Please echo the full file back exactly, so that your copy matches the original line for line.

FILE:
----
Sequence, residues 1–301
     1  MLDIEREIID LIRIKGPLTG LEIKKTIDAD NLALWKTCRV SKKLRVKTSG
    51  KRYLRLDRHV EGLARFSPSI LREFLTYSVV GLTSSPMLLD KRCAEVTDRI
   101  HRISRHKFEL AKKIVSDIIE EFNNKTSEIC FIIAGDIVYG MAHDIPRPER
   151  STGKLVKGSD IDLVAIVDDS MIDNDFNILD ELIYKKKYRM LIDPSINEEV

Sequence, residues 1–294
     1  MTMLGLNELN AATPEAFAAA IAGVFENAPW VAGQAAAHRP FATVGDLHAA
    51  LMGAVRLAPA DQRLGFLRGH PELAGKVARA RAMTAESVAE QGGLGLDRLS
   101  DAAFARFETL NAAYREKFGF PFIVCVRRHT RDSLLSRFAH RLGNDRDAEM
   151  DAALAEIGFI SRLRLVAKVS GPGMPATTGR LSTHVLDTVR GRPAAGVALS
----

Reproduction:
Sequence, residues 1–301
     1  MLDIEREIID LIRIKGPLTG LEIKKTIDAD NLALWKTCRV SKKLRVKTSG
    51  KRYLRLDRHV EGLARFSPSI LREFLTYSVV GLTSSPMLLD KRCAEVTDRI
   101  HRISRHKFEL AKKIVSDIIE EFNNKTSEIC FIIAGDIVYG MAHDIPRPER
   151  STGKLVKGSD IDLVAIVDDS MIDNDFNILD ELIYKKKYRM LIDPSINEEV

Sequence, residues 1–294
     1  MTMLGLNELN AATPEAFAAA IAGVFENAPW VAGQAAAHRP FATVGDLHAA
    51  LMGAVRLAPA DQRLGFLRGH PELAGKVARA RAMTAESVAE QGGLGLDRLS
   101  DAAFARFETL NAAYREKFGF PFIVCVRRHT RDSLLSRFAH RLGNDRDAEM
   151  DAALAEIGFI SRLRLVAKVS GPGMPATTGR LSTHVLDTVR GRPAAGVALS